Narcissism: what keeps a high-achiever from being a great leader

With the awareness of saying something stupid comes learning and even at times insight. This awareness doesn’t erase one’s stupidity, but it may make one smarter for the future. I was recently talking with a friend about physician leaders and out leaked an incorrect generalizing comment. I suggested that physicians who tend to be self-centric in their view if not narcissistic aren’t good leaders. What I meant to say was that a lack of broad perspective is a barrier to being an effective leader, however, it may not be a barrier to positive contributions to organizational learning and problem-solving, not to mention being a good physician.  Dogmatic views and attachment to narrow perspectives can interfere with good leadership in complex, diverse and uncertain environments. However, in certain situations those qualities can be helpful. Not being a good listener is a problem if your leading a diverse group through complex issues, but good listeners (aka good leaders) like people who will speak up, and that’s were physicians, even those who are somewhat self-serving can contribute facts, ideas and insights.

As I tried to recover from my stupidity, a thought popped into my head. Could narcissistic physician leaders start to lose their effectiveness the more broadly their leadership asks them to think and function? What if they contribute quite well until they get to the executive leadership level? In 2012 Justin Menkes wrote a short article for the Harvard Business Review entitled: “Narcissism: the difference between high achievers and leaders.” He suggested that high achievers who are also narcissists can do very well to a point, however, at the executive level they can sink your company. The narcissism just gets in the way.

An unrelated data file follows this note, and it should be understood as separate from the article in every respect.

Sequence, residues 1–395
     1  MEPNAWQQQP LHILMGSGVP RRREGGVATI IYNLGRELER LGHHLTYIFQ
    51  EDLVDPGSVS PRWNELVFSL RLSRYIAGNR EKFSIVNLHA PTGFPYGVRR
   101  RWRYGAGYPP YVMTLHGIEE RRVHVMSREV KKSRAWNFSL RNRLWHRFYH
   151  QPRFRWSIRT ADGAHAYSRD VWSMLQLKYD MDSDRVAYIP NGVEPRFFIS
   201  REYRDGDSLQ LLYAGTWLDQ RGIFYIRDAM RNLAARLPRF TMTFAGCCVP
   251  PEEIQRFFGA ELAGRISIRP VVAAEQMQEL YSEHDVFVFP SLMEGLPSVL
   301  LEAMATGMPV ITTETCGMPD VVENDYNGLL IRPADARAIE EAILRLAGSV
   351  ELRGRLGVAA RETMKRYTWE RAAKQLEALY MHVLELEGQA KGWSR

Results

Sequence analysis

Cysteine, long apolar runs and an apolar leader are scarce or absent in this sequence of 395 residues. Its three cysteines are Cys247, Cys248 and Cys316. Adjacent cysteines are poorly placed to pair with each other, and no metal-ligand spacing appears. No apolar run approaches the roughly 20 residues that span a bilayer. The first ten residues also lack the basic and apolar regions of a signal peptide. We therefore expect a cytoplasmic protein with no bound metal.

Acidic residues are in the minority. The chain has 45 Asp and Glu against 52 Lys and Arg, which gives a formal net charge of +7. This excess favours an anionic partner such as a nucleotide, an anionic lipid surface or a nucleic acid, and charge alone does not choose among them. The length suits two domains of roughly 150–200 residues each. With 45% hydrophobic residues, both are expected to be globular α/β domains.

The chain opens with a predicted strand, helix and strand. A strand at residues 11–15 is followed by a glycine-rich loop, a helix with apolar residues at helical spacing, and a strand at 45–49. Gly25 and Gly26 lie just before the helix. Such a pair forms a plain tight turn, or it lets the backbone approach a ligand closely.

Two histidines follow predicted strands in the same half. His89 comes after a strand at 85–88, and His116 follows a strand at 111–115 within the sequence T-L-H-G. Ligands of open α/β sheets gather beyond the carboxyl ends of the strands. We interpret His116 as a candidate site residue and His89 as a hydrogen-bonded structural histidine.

In 2000 and 2004 in the Harvard Business Review, Michael MacCoby published “Narcissistic leaders: the incredible pros, the inevitable cons” where he suggested that narcissistic leaders do have the advantage in certain situations, specifically where there is chaos or opportunity for innovation. Implied but not specifically stated in his article is that you have to be really good at what you’re doing (e.g Bill Gates, Jack Welch, etc.). Healthcare may be going through a lot of change, and some would claim chaos, but at the heart of providing health care is the patient, a person who doesn’t need chaos or change, they need high-reliability. Narcissism won’t get you that at the micro- or macro-system levels. Even beyond health care delivery, narcissism is potentially dangerous in healthcare. Just consider the case of Theranos and Elizabeth Holmes. Narcissism, even if you think you’re doing a good and just thing, gets in the way.